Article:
2.4.2. Clipping queens’ wings
Queens can be marked by clipping the tip of one forewing. If queens are replaced every two years, the beekeeper can clip the left wing on queens introduced in odd years, and the right wing on queens introduced in even years. The clipping practice may also supplement the paint spot technique as a back-up, should the queen lose her paint mark. Honey bee queens are mated in the air, it should therefore be ascertained that the queen has mated before her wing is clipped.
Another reason to clip the wings of a queen is to prevent her swarming off, beside other methods such as keeping colonies headed by young queens and removing all queen cells. Swarming is the process by which honey bee colonies can reproduce (Seeley, 1986). When swarming occurs, half of the bees will leave the hive. This results in a hive that is unable to rebuild its population before the nectar flow starts, thus decreasing the production of honey. Therefore, swarm control is a very important part of beekeeping management. When conducting experiments during swarming season, swarm control is even more critical since a swarm may take away half the experimental bees.
From beekeeping experience, it is apparent that queens with fully clipped wings are more prone to fall to the bottom of the hive and are often superseded more quickly than those with unclipped wings. It is recommended to clip less than half of one forewing (Fig. 4) to prevent the queen from flying with a swarm, but not to impair other behaviours. With less than half of one forewing clipped, the queen’s ability to function properly inside the colony will not be significantly affected. If the queen tries to fly with the swarm, she will most likely drop in front of the hive. She may then crawl up the leg of the hive stand and re-enter the hive. If not, she can be collected by the beekeeper and put back. The swarming bees will fly away for a short time, but will return to their hive when they are unable to find their queen. Occasionally the clipped queens may fly despite the clipping, but their range is limited, which makes retrieval easier. However, sometimes queens may be lost if they cannot find a way to re-enter the hive after dropping in front of it.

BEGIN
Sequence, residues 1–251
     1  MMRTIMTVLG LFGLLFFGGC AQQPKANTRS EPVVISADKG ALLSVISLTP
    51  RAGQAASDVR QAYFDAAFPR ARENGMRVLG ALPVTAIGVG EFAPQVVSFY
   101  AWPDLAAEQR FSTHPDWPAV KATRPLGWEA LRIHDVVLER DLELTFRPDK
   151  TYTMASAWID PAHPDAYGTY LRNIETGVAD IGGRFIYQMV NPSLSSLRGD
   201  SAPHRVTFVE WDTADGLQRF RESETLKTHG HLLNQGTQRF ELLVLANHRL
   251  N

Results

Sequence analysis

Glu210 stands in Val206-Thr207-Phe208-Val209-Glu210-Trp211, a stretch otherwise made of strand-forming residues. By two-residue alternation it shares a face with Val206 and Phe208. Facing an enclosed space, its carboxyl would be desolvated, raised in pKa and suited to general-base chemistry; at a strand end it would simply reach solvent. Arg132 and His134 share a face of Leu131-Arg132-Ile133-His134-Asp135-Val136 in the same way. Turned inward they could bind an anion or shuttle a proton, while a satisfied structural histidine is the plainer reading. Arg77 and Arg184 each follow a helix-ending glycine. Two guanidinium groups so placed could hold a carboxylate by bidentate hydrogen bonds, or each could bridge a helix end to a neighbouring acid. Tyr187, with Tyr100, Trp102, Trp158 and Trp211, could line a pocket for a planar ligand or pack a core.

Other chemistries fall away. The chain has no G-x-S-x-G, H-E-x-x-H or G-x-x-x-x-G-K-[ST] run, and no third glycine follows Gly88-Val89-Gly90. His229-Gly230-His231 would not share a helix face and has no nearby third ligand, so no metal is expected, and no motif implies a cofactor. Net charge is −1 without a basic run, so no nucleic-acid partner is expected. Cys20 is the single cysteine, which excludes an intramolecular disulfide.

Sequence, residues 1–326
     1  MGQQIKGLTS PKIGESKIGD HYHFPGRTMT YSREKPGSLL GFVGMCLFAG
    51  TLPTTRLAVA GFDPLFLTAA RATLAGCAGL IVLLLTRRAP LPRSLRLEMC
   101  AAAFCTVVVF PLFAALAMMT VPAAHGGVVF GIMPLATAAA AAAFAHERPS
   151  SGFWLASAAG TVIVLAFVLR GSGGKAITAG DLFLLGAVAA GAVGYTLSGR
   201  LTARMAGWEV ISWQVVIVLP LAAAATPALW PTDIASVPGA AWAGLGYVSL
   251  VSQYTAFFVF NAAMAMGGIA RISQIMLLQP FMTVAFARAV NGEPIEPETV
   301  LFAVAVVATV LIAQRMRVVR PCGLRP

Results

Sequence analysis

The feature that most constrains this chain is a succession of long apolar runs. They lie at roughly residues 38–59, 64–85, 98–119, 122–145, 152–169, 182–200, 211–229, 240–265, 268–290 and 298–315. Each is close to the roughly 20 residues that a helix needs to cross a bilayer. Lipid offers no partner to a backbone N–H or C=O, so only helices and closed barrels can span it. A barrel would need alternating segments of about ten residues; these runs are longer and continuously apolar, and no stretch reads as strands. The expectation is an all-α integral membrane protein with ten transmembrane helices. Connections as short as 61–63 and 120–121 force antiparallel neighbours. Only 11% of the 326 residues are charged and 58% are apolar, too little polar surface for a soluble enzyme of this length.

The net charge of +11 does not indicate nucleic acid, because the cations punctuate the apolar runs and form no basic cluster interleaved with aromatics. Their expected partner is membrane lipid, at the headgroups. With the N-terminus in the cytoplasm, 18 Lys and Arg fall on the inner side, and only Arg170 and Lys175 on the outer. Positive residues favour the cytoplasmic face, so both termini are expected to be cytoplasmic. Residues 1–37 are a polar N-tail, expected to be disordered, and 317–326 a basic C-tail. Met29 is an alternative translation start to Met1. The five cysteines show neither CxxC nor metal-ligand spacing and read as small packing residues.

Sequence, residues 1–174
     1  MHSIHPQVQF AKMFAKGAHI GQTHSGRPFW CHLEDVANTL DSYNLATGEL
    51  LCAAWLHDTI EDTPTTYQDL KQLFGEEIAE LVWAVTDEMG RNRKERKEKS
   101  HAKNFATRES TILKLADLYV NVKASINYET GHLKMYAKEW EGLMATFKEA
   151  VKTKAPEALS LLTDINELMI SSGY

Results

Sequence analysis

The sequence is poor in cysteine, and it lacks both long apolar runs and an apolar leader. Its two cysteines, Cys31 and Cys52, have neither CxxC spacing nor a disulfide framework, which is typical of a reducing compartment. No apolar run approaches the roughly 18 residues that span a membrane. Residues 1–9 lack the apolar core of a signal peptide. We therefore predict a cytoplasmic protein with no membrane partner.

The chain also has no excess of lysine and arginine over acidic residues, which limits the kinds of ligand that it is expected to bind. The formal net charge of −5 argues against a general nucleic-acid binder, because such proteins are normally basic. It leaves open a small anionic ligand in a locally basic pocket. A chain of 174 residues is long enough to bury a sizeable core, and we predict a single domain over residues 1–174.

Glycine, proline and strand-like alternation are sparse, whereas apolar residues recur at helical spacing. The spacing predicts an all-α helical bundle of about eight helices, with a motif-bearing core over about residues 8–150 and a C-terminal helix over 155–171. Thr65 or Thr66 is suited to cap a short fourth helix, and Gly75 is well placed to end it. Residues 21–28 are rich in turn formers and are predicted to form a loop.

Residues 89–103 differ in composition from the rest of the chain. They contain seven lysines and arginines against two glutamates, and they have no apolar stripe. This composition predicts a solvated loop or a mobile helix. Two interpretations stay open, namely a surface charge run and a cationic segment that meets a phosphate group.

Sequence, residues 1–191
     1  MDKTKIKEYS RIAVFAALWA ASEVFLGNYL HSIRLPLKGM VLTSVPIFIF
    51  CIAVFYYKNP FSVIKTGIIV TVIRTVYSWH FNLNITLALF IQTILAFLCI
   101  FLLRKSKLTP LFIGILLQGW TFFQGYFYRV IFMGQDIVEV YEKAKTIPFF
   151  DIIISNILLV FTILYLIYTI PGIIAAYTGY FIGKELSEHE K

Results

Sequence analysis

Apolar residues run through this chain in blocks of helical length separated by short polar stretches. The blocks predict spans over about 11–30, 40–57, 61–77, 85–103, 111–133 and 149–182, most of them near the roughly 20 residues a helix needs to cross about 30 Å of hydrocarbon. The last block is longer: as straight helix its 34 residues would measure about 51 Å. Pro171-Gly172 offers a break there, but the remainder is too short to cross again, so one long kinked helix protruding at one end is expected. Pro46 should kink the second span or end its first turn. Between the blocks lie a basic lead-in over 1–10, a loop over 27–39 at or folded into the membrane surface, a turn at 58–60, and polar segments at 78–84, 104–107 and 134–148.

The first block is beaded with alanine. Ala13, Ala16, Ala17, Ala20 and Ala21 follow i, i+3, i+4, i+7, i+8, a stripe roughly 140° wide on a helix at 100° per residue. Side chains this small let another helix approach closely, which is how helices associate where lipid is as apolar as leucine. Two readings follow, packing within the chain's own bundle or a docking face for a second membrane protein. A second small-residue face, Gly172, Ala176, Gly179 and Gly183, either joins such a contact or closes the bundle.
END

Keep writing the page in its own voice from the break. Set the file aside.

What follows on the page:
Yet another use of wing clipping is the non-lethal collection of queen DNA. In this case, the purpose is not to prevent flight, since virgin queens that still have to perform a mating flight might be needed for DNA extraction. If a sufficiently small wing piece is clipped (c. 1.3 mm2, 7.5 % of each forewing surface is sufficient to genotype them), the mating success of these clipped-wing queens is not affected (Châline et al., 2004).
Wing clipping procedure:
- Lightly grasp the queen by the thorax between the thumb, index and middle finger of one hand so that the forewing to be clipped points upwards and the abdomen points away from the hand (Fig. 4A).
- Hold the scissors with the other hand and slide one tip between the fore- and hind wing to separate them (Fig. 4B).
- Cut approximately one fourth of the forewing without damaging the hind wing.
- Mark the queen with paint (see section 220.127.116.11.) when desired.
Fig. 4. Clipping the wing of a queen honey bee. The head and thorax of the queen honey bee are lightly grasped between the thumb, index, and middle fingers (A). The wings and abdomen point away from the hand (A). The scissors should be used to tease out the forewing on only one side of the body (B). Using the scissors, clip approximately one fourth, but no more than half of the forewing from the body. Photos: A Ellis.